“Social media can be a great venue for sharing those vacation photos and pet videos. It’s not the ideal medium for most debates, especially political ones, though. Problems arise when our time spent on social media, regardless of its purpose, comes in lieu of conversation.”
I enjoy Facebook…no actually I enjoy it too much.
In the last four days Facebook was used to:
- Obtain 23 Netflix suggestions
- Seven books I must read in 2017
- And many suggestions for helping a sore throat
Messaging back and forth with a friend yesterday using the reply button it honestly felt like we were having a conversation on Facebook.
There’s just one problem with that…
Facebook isn’t a real conversation
In a convicting article yesterday Sean Martin made a strong case for conversation instead of Facebook:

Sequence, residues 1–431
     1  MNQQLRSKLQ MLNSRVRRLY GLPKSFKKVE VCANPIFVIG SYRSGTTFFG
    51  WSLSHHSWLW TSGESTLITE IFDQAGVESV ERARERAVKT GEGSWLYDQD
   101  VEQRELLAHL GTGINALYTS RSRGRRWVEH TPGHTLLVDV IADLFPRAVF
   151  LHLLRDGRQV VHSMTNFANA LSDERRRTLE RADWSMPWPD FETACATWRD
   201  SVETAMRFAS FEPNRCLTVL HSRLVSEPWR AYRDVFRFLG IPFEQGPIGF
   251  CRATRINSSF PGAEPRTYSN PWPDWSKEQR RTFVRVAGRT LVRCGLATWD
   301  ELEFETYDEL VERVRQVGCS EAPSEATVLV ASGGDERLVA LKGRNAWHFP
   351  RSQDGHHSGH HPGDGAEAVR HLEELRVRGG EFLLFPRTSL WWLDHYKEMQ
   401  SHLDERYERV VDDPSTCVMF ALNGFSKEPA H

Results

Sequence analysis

“We need conversation more than ever when the discourse becomes complex and emotional, as it has today.”
2016 has given us many opportunities for “emotional conversations”
- About discussions about the presidential election
- Bathroom laws and other changes
- Racial injustice
- And Our relationship with the LGBT community
The majority of these conversations took place online which allowed lots of people to get involved, but these “conversations” almost always turned into personal attacks on the other people or their opinion.
It’s my personal belief these attacking conversations took place because we couldn’t actually SEE the other person.
“Digital conversation reduces our capacity for empathy, an important emotion when engaged in passionate and polarized debate. We can’t see online how our words impact another person. It’s much easier to discern in a face-to-face discussion.
There are conversations that we should have online (like what to add to our Netflix list, or reading list) but then there are the emotional conversations that must be done face to face.
I’ve included my list of emotional conversations above, but it definitely isn’t extensive, so help me out but filling in the blank below
We should never discuss _______________ on Facebook